Management Culture Assessment

Management Culture is the environment top-level leaders allow for work to get done in organizations. Management Culture affects productivity, performance and even profits. While it is often hidden—even from the leaders themselves—you can gain clues by determining what level of management is accountable for specific activities and reviewing execution on the front lines.
Please take this brief management culture assessment. At the end you will get a comparison of your answers to what we have experienced in DB&A’s 30-year history.

In your organization, accountability is perceived:
Correct Answer: Positively and proactively instilled into the management culture through clear commitments that are expected to be kept.
In our experience, many organizations view accountability negatively and it shows up in the form of blame or punitive actions when something goes wrong. However, through coaching behaviors, we help organizations embrace accountability and proactively instill it into the management culture.
In your organization, which level of management is responsible for planning work and ensuring employees are working on the proper tasks everyday throughout the day?
Correct Answer: Frontline Manager
In our experience, Mid-level managers or even the level above them “dip down” and control the workforce when frontline managers should be responsible for employee performance. This type of behavior stifles the performance and growth of the organization by causing everyone to work at a level or two beneath what their respective Roles require.
In your organization, which level of management is primarily responsible for data-driven performance and productivity decisions based on metrics?
Correct Answer: Frontline Manager
In our experience Mid-level Managers or higher are responsible for making daily productivity and performance decisions based on the metrics when Frontline Managers should "own" the metrics and base their decisions using "up to the moment" data.
In your organization, which level of management is primarily responsible for figuring out ways to improve processes so that the organization is more efficient?
Correct Answer: Mid-level Manager
While the Mid-level manager should be working to improve processes making the organization more efficient, in our experience, they often act as Frontline Managers by running the day-to-day operations.
In your organization, which level is primarily responsible for identifying and tapping into new business opportunities?
Correct Answer: C-level/President
While the VP-level or higher should be focused on new business opportunities, in our experience, many are overwhelmed by the day-to-day operations to grow the business.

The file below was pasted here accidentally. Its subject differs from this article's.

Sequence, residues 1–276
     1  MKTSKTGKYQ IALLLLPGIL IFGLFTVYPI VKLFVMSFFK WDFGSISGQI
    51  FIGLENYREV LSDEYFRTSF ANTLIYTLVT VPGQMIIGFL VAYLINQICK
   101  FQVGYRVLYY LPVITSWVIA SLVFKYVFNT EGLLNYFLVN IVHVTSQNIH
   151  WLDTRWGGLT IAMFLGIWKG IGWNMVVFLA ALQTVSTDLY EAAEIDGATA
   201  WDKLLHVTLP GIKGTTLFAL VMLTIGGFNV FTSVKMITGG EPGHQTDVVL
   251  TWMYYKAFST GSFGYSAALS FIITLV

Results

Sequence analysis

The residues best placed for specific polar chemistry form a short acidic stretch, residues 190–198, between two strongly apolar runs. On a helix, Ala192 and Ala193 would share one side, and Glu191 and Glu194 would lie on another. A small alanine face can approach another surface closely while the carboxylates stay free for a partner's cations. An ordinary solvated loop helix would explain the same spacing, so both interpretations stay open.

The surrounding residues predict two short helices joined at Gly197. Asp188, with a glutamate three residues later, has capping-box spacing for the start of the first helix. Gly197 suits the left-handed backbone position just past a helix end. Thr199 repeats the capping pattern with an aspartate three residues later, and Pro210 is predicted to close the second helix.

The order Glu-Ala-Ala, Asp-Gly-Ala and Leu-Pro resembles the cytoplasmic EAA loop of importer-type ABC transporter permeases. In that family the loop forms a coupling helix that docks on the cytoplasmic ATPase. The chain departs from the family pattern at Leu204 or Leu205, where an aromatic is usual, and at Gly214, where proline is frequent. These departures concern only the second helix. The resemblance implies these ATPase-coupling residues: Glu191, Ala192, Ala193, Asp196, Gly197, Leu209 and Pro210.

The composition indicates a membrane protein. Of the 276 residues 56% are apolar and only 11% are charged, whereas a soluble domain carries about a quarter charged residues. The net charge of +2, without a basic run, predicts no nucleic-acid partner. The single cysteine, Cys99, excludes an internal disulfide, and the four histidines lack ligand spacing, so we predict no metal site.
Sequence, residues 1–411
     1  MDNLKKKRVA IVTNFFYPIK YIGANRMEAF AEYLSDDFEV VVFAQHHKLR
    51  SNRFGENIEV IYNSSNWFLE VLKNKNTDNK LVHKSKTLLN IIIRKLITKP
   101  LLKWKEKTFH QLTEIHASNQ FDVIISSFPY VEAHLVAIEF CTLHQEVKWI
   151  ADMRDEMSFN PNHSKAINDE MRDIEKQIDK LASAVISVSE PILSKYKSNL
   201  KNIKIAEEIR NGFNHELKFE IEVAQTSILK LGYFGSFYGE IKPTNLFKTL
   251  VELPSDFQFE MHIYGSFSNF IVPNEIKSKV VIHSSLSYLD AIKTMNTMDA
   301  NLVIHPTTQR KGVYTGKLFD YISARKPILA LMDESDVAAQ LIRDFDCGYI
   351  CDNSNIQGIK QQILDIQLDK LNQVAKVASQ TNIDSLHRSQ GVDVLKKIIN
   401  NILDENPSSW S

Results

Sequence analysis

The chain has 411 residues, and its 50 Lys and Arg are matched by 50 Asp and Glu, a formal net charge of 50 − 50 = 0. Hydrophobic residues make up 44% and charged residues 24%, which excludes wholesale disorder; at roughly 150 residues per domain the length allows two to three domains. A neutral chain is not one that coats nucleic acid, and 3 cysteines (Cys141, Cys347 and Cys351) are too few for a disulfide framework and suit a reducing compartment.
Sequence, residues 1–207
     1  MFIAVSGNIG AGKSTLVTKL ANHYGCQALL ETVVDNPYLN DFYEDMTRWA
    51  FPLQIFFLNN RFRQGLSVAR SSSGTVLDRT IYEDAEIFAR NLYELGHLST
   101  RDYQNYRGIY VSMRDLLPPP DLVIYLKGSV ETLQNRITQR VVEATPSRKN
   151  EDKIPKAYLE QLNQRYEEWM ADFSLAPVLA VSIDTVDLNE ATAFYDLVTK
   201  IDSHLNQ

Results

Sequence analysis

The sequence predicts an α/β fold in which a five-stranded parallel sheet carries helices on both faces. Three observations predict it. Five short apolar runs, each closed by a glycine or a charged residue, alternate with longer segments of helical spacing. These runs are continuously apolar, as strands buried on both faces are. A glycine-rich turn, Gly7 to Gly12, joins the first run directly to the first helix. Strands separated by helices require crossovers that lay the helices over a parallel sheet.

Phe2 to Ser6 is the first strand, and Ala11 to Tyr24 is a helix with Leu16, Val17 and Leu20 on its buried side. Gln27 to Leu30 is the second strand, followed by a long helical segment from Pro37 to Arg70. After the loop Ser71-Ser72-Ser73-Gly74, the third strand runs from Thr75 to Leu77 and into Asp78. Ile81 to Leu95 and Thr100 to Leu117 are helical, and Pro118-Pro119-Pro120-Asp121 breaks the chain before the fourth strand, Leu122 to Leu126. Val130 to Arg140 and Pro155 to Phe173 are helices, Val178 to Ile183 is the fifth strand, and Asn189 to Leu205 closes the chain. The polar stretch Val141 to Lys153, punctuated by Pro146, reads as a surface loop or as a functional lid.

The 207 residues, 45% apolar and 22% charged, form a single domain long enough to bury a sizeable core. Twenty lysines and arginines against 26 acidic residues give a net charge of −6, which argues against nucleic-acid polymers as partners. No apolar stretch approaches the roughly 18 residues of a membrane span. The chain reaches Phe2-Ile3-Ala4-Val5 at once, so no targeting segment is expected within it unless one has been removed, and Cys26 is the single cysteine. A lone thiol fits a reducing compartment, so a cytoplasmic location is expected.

What percentage of time do you think your Frontline Managers are actively managing employees each day?
Correct Answer: 30-50%
Most leaders think that Frontline Managers are actively supervision from 30-50%. However, in our experience active supervision takes place from 8-12% of the work day.
What tools have Frontline Managers been provided to forecast, plan, assign, follow-up, report, and evaluate work activities?
Correct Answer: A full suite of tools
Most organizations have a partial set of tools, namely for forecasting, reporting and evaluating. They are missing critical tools for planning, assigning and following-up which are at the heart of effective supervision.
In general, how do Frontline Managers identify and resolve problems during the day?
Correct Answer: Frontline Managers anticipate and resolve problems proactively before they impact the organization.
In our experience, Frontline Managers generally wait for employees to bring them problems and do not anticipate them nor solve them from their root cause. Therefore, the same problems constantly resurface.
In regards to opportunities to improve non-productive or lost time, your business has:
Correct Answer: Very little lost time. It’s not a concern
Organizations ALWAYS have lots more opportunity in the area of lost time than they realize. We typically don’t surprise senior management with the types of opportunities but always shock them with the magnitude of the opportunities.
The culture within your organization promotes open & effective communications.
Correct Answer: Yes, we have effective two-way communication to the lowest levels of the organization and back.
In general communications is poor in most organizations where we have consulted. Tools to drive effective communications such as departmental communications boards, if they exist, are typically not maintained with current information on performance to plan, how the business is doing overall and what the plan is going forward. If supervisors have daily huddles, they are typically ineffective in communicating important information. We score these meetings on a 1-100 scale and rarely do we have huddles over 50% effective. Frontline management and employees often feel that their thoughts on the business are not welcomed or important to top management and as a result, they shut down and give up after a while.
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